Insurance innovation rolls on in Guernsey

Written by: Paul Bryant Posted: 30/09/2019

BL64_Guernsey insurance illoGuernsey’s insurance industry has a rich history of innovating to meet changing market needs. It might be on the cusp of the next growth spurt

Guernsey has carved out a clear niche in the insurance industry. Whereas jurisdictions to which it is often compared – Malta, Gibraltar and Luxembourg – tend to focus on their European Union (EU) distribution capabilities (through ‘passporting’ rights that come with EU membership), Guernsey is at the forefront of insurance ‘capital management’.

It occupies a space at the intersection of the insurance and investment industries, helping the insurance sector to attract capital and manage it efficiently, and helping capital markets find attractive insurance-related investment opportunities.

Dominic Wheatley, Chief Executive of Guernsey Finance, summarises: “Guernsey’s insurance sector has mostly concentrated on services to the ‘corporate world’ – responding to market needs; being innovative, agile and flexible; and identifying specialist niche areas where we can excel, rather than competing for ‘volume’ insurance business.”

Options for corporate insurance buyers

Captive insurance has been the backbone of the Guernsey insurance industry for decades. Initially, this market served only large corporate insurance buyers who could set up their own insurance companies as subsidiaries and use them as efficient vehicles to self-insure risks (hence the word ‘captive’).

They also gave direct access to reinsurance markets without having to work through other insurance companies or intermediaries.

According to Guernsey Finance, the first captive insurer was incorporated on the island in 1922, with Guernsey now being home to the captive insurers of more than 20% of the FTSE 100.

Paul Sykes, Managing Director at Aon Guernsey, says a captive insurance company gives its owner the flexibility of a ‘make-or-buy’ decision. If insurance prices are high, or if cover isn’t available through the insurance industry (such as for some cyber risks), corporates can self-insure through their captive (a ‘make’ decision). If prices are low, they will tend to use commercial insurance markets (a ‘buy’ decision).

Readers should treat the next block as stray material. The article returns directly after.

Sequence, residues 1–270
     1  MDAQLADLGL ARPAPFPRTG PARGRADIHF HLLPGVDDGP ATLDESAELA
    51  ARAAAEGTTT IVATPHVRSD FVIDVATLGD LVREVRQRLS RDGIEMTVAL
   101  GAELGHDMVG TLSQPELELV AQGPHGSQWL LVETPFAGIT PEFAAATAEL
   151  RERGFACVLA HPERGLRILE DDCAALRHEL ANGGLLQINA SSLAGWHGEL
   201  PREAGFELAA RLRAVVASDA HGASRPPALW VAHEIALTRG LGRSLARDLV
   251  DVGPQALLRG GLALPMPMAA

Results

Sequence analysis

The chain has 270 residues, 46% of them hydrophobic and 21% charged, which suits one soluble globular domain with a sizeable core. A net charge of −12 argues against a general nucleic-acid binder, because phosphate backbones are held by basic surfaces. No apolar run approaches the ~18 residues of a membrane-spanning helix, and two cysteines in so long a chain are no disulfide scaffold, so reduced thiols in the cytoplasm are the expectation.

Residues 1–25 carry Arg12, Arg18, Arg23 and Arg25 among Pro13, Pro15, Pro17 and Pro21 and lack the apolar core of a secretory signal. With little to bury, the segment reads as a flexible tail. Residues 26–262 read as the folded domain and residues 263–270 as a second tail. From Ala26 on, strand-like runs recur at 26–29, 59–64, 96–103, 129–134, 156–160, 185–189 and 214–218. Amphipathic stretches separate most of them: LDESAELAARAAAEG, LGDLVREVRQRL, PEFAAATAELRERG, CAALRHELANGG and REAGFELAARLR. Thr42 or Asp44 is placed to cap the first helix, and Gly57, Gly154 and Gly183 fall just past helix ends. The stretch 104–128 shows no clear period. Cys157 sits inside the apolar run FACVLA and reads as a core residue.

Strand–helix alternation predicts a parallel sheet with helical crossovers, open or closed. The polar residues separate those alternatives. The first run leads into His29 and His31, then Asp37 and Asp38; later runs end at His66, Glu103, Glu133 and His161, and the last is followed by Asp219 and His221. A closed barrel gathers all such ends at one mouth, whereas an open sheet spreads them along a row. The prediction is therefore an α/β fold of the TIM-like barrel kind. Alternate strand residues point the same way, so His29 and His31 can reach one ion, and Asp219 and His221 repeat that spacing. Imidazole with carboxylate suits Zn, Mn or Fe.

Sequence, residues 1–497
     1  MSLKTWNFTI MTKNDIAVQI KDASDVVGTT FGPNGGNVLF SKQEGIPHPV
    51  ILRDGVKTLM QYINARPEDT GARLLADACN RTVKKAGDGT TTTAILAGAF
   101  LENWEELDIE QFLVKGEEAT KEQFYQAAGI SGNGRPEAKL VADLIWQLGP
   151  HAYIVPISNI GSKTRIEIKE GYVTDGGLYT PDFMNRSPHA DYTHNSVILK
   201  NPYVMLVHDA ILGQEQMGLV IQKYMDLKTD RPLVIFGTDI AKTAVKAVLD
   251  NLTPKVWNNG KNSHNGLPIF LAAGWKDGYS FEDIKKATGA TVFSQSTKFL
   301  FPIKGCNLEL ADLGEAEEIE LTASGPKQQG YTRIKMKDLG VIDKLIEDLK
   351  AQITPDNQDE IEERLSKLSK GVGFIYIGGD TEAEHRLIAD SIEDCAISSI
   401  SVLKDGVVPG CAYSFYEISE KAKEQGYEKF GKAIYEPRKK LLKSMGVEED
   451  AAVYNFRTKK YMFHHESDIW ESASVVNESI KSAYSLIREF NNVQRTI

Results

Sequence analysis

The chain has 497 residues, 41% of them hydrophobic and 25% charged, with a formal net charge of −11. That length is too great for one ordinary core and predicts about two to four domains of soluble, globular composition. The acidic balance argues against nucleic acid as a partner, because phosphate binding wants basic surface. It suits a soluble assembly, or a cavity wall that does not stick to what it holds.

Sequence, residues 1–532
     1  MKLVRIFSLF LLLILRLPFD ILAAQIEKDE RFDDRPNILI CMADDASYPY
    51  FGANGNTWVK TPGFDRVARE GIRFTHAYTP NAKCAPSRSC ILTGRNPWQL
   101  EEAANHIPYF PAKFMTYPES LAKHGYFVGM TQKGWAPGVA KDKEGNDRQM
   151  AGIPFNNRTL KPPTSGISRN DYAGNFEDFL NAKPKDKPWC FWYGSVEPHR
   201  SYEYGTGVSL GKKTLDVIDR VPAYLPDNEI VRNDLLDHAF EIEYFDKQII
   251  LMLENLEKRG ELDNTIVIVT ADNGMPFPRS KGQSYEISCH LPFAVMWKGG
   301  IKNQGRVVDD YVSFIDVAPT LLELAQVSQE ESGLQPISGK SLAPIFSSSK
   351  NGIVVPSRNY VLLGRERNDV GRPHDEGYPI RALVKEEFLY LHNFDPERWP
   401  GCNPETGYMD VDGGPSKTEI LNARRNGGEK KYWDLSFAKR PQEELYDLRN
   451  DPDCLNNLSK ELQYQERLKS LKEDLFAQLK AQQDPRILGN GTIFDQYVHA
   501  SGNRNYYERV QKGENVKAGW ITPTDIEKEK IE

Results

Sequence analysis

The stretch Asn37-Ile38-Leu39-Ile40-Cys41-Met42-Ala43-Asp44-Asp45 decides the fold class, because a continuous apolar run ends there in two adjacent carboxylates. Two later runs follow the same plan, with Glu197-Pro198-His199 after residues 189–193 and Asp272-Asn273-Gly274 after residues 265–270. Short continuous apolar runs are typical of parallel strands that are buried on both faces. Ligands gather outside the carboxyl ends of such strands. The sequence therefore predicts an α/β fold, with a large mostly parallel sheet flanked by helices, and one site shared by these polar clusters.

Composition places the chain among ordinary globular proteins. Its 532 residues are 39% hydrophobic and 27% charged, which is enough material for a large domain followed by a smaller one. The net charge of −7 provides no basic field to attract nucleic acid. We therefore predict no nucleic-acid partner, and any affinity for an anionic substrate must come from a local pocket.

In the late 1990s, Guernsey found a new growth engine for its captive industry by pioneering the concept of cell companies (commonly known as cell captives). These consist of a single regulated insurance entity housing multiple cells, with each cell enjoying legal segregation of its assets and liabilities – akin to a ‘mini-captive’. By spreading the significant overhead costs of an insurance company across many cells, it became feasible for smaller companies to enjoy many of the benefits of a captive. 

New opportunities continue to be found for Guernsey’s captive and cell captive expertise and infrastructure. Since 2014, a significant market has been developed using these vehicles to help pension funds offload longevity risk – the additional costs to the pension fund of members living longer than expected – onto insurance markets. As many UK defined benefit (DB) schemes closed to new members (according to the Pension Protection Fund, only 12% of DB schemes remained open to new members in 2018), they have tried to make their outstanding liabilities as predictable as possible. 

One way to do this is to purchase reinsurance cover for these risks through a transaction known as a longevity swap. Captive structures in Guernsey have been a popular vehicle for these transactions – allowing direct access to reinsurance markets and avoiding intermediary fees.

High-profile transactions include the BT Pension Scheme, which in 2014 set up its own captive insurance company in Guernsey and reinsured $16bn of its longevity risk. In 2015, the Merchant Navy Officers Pension Fund used a Towers Watson Guernsey cell captive structure to reinsure $1.5bn of its longevity risk.

New-look investments for capital markets

The post-financial-crisis era presented Guernsey’s insurance sector with an opportunity to tap into a new client base – institutional investors – which it grabbed with both hands. 

Quantitative easing policies of leading central banks boosted the volume of capital available for investment, which was in turn deployed across nearly all asset classes and led to the prices of different asset classes, such as equities and bonds, rising together and becoming more correlated. This prompted many investors to look for alternatives with returns uncorrelated to these mainstream assets. 

The insurance sector was able to provide a solution via insurance linked securities (ILS). Investors could allocate capital to ‘insurance risks’ – typically providing reinsurance capital to pay for losses from natural catastrophes, and profiting if these losses were less than expected – with returns being largely uncorrelated to equity or bond returns.

According to Willis Towers Watson, capital allocated to ILS globally grew at a compound annual rate of 20% between 2009 and 2018, and reached $93bn in 2018.

It’s a market poised for even more growth. Cedric Edmonds, a Partner in the Portfolio Management team at Solidum Partners, a Zurich-based investment management company specialising in ILS (which has been issuing ILS in Guernsey since 2010), says: “There is a lot more potential; I would describe it as a market in its early teen years. Demand from investors is strong because of the non-correlated risk profile. And from the supply side, there are many insurance risks that haven’t yet come to the ILS market.”